At least three manufacturers are competing in the evolving process of selecting the Bundeswehr’s replacement for the unsatisfactory G36 individual rifle. The participants include H&K, SIG-Sauer, and Steyr, which is partnering with Rheinmetall. (Gun history buffs, Rheinmetall is huge now, but evolved from an ancient gunmaking firm… Dreyse, of Prussian needle-gun fame). Dreyse was based in Sommerda, but Rheimetall calls Düsseldorf home today.
The story is told at the indispensable German defense blog, Thomas Wiegold’s Augen Geradeaus! (“Eyes front!”). Our meatball translation:
On the standing theme of the G36 and future assault-rifle of the Bundeswehr, at year’s end we’ve got a new data point: Three German enterprises will compete for the provision of the new standard weapon for German armed forces. Along with Heckler & Koch, which already supplies the G36 and has had success with the HK416 in France, and the Eckernforde-based business SIG-Sauer, the German defense concern Rheinetall is stepping in — with a weapon from the Austrian manufacturer Steyr Mannlicher. The Austrians were defeated by Heckler & Koch in the competition for the new Bundeswehr rifle in the early 1990s.
(Thomas, if you read this, you’re welcome to use any part of our translation on your site, should you want to put up an English post. We know your English is good but your time is limited, and there’s great interest in the non-German-speaking world in the Bundeswehr’s decision process).
In any event, he goes on from there to quote from a story in the Vienna newspaper Kurier, which says that Steyr is developing an AUG successor called the Gewehr bei Fuß or Foot-Soldier’s Rifle. The model being offered to the Germans is called the RS556.
The Austrian journos think that Steyr lost back in 1994 because of politics — EU Brüderschaft be damned, German officials wanted German soldiers carrying German guns. With 60% of the value added in the manufacture of the proposed Bundeswehr RS556 version being Made In Germany, they think the away team has a better shot. Our translation of part of the Kurier report:
The Austrian weapons manufacturer already had a shot in Germany in 1994, when its legendary Steyr Universal Rifle AUG (Sturmgewehr 77) had the best result in tests, according to reporting at that time. Yet the German manufacturer, Heckler & Koch in Oberndorf, received the contract for 176,544 military rifles for its Sturmgewehr G36.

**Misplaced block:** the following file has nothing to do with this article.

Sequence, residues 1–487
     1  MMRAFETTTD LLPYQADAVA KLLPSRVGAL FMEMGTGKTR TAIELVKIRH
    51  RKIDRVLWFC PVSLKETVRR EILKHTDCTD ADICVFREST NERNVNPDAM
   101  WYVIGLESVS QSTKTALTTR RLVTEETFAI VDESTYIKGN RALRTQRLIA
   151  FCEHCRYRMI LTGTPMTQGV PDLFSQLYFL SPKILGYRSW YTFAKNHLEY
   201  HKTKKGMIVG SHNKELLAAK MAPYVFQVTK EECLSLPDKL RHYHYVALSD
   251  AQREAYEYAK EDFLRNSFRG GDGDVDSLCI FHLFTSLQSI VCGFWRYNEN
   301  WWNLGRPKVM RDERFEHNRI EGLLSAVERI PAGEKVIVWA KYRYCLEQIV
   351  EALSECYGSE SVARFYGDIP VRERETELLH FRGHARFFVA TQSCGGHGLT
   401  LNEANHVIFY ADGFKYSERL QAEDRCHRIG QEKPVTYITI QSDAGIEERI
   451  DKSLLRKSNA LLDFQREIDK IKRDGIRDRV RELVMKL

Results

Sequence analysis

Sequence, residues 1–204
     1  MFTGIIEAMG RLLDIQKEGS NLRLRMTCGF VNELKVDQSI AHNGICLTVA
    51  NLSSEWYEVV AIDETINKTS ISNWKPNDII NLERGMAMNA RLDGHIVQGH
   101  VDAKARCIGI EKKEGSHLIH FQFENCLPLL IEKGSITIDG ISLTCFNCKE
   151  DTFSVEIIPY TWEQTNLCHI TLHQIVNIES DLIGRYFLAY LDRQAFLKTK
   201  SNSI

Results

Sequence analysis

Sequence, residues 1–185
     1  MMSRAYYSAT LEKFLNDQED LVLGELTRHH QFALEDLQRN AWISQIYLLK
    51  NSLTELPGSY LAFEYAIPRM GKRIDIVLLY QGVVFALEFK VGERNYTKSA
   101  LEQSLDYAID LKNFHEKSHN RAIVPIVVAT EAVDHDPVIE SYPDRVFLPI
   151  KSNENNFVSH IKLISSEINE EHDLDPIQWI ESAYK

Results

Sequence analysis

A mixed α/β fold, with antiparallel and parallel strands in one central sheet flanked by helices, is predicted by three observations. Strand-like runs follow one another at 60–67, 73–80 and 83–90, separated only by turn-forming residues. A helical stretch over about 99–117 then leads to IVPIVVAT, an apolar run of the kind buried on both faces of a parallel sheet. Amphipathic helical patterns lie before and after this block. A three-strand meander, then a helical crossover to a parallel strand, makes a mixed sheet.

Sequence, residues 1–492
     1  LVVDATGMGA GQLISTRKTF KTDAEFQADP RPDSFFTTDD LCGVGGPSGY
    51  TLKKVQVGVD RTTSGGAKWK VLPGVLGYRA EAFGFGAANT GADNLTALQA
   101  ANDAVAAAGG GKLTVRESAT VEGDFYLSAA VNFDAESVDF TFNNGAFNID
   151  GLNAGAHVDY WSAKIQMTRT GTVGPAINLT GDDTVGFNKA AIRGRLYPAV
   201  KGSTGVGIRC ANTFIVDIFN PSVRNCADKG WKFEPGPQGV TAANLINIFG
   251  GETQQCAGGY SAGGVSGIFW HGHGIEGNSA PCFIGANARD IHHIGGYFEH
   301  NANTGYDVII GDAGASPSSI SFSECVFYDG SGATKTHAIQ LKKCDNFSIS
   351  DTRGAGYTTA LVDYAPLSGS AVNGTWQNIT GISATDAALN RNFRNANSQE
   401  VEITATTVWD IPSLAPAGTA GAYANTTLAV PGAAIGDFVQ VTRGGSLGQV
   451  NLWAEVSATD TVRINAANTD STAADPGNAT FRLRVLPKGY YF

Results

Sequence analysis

So what is the RS556? Essentially, it’s a reformation of the AUG’s technology into an AR-15 form factor. Indeed, at a distance, it’s hard to tell it from a SIG or a 416. So however this shakes out, the AR is going to notch up another win. From the same Kurier report:
The new RS556 indeed looks like an American weapon, but it is the further development of the Steyr Sturmgewehr 77. With just a handgrip and no tools the barrel can be changed. Ther eare three barrel lengths available, and the rifle can be employed as assault rifle, submachine gun or light machine gun according to length.
You may recall this was a selling feature of the AUG, although not one that seemed to be prized by end users. It looks like the Steyr RS556 is also fully ambidextrous.
Due to a special surface coating, the rifle also works without gun oil, which is an especially large advantage in desert operations. The gas system and the rotary-locking bolt are inherited from the earlier StG 77 (AUG).
The AUG had some success, arming Austria, Australia (in a local version; bad news for ill-educated Yanks who always confuse those entirely different countries), some of the UAE forces and (briefly, because nobody paid to maintain them) the US Immigrations & Customs Enforcement agency. (ICE now uses M4s in either semi or surplus configuration, which have mostly replaced the late lamented AUGs and the not-as-lamented MP5s).